I didn't exactly blossom in the Italian department on our return, but that will come. I'm almost looking forward to reading Swedish again (which, I repeat, shouldn't be confused with actually speaking Swedish) and working on making it less of an interpretive dance. Leif says I sort of throw my whole body into it sometimes. He's right, I do, but that's because it's the only way I can remember that nearly every syllable is stressed (not the measly one stress that most English words have). I'm also working on sounding more Sven & Ole without actually being more Sven & Ole. Here's hoping it's possible.

Wednesday, November 20, 2013

Happy birthday to me

It's been awhile, I know. I've been working waaaaaay to hard. Or maybe it's best to say that I'm working too hard at something that isn't my passion? That may be more accurate. I feel like one of those old people you see in movies who seem to attract children in droves but quite frankly don't know what to do with them. I walk down the street and every kid in a stroller smiles and waves, turns around in the seat to watch me walk away, like I'm denying them this perfect moment to play. Babies smile at me. It's a mystery.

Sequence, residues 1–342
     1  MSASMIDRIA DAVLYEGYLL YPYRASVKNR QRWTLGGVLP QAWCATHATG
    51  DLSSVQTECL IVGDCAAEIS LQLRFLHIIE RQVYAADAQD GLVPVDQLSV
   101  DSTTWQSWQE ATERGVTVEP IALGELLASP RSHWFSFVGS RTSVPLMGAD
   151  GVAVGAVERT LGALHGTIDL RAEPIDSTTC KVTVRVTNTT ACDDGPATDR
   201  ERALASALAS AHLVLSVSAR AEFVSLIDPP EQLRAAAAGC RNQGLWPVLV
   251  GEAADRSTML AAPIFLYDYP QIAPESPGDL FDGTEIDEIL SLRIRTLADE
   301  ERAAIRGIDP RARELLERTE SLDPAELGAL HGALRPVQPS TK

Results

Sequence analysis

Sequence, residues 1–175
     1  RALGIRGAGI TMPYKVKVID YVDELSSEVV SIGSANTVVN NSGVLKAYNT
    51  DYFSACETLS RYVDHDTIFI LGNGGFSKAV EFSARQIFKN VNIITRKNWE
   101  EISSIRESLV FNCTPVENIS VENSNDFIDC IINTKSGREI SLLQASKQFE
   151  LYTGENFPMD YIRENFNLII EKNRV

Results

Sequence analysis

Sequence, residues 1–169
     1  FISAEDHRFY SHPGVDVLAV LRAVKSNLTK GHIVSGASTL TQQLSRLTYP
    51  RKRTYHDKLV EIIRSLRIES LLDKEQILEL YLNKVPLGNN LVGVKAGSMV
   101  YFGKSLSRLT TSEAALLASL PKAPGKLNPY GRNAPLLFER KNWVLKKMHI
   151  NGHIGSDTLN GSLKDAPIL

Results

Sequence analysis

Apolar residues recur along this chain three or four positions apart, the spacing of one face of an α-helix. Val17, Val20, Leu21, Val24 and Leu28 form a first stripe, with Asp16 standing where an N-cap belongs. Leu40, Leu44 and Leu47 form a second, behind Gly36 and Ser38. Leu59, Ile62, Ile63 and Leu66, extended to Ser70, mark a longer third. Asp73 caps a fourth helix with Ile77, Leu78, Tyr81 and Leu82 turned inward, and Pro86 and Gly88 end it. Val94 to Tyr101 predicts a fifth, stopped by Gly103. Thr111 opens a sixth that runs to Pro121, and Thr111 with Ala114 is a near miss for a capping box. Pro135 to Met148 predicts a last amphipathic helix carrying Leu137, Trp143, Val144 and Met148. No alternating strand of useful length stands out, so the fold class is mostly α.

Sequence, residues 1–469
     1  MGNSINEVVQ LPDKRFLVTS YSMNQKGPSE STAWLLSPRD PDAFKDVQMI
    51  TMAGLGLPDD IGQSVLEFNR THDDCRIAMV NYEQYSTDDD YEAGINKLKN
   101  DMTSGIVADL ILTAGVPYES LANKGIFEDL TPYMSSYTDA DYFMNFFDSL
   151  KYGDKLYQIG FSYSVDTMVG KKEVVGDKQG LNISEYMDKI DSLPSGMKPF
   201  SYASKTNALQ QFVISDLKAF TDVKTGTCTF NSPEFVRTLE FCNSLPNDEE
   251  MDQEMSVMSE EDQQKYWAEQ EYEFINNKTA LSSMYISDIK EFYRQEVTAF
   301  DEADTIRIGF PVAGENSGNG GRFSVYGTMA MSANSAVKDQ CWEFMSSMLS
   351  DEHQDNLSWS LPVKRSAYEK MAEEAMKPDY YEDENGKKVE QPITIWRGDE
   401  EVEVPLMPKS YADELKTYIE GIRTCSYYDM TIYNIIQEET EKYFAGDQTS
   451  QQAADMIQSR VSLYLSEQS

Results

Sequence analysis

But after multiple naps and a succession of nights with uninterrupted sleep I'm starting to feel human again. And just in time because....that's was my birthday!!! Let's just gloss over the fact that I'm 53 and don't really need to celebrate birthdays publicly to know they have happened and get to the important stuff.

This is the fourth birthday I've celebrated without my Minnesota family. While I've gone years without hearing (in excruciating detail) about the day I was born from my grandmother I've not gone this long without a good old-fashioned Hauck party or the first-thing-in-the-morning birthday song call (in parts, no slouches my family). It's one of those things you don't think about missing except for that one day, then you wish you could remember that you miss this when someone asks what you miss most. I know that eventually there will be a new birthday ritual, but this in-between period is a little unsettling. I know it will get better.

My first year here we celebrated at a small vineyard where we were practically the only people there. They put a candle in my tiramisu and sang Tanti Auguri to me. It was sweet but a little surreal, I'd only been here a month and nothing seemed completely real yet and I had to have tanti auguri translated for me. The second year we were in Sweden. I think Leif's dad made us meatballs. The Swedish birthday song (sung by the rest of his family at some point) has never actually been translated for me, sounds nothing like Happy Birthday, and ends with roof raising Hurrahs!!! His dad got me flowers, because he manages to find some excuse every time we visit to get me roses. Sweet man. Last year a friend who lives part-time here and part-time in Sweden brought shrimps back from Sweden and we totally pigged out on them and four bottles of outstanding brunellos. It took me awhile to recover from that celebration.